Could Proteomic Research Deliver the Next Generation of Treatments for Pneumococcal Meningitis?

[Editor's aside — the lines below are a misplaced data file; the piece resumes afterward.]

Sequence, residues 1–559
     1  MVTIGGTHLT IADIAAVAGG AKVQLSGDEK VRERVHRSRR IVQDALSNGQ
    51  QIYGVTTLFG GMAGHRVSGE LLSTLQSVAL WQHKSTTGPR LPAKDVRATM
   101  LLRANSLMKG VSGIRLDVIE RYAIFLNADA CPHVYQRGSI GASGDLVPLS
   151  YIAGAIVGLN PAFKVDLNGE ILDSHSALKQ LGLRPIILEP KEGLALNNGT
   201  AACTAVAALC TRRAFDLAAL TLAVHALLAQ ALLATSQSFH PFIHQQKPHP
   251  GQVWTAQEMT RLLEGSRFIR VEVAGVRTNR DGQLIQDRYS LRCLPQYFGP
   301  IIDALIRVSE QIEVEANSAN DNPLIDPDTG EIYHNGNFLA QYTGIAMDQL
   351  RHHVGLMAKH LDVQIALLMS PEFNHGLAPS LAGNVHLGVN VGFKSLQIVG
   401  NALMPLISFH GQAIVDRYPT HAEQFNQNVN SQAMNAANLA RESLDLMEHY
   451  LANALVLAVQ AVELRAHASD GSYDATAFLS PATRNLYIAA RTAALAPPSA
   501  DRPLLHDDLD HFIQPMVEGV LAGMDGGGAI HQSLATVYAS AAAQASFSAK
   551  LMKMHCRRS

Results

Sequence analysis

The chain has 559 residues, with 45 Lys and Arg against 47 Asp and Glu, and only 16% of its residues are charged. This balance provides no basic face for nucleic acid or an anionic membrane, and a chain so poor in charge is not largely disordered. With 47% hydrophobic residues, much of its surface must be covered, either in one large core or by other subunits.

An intact blood-brain barrier and normal production, circulation, and absorption of cerebrospinal fluid are critical for normal brain function. Minor disruptions of barrier function are without clinical consequences. Major disruptions accompany most significant acute brain injuries. The anatomic location of the blood-brain barrier is the endothelial cells of arterioles, capillaries, veins, and the epithelial cell surface of the choroid plexus. However, endothelial cells require the presence of glial cells to maintain barrier function. During cardiopulmonary bypass, several factors may result in a temporary disruption of the barrier; the most important are systemic inflammatory response and focal ischemia due to emboli. Lacking a lymphatic system, the brain depends on the circulation of cerebrospinal fluid to remove the products of metabolism, and the circulation of cerebrospinal fluid depends on a vascular systolic pulse wave to drive this fluid antegrade along the brain paravascular spaces. Although it is not possible to identify this paravascular space histologically, its presence is confirmed by tracer methods.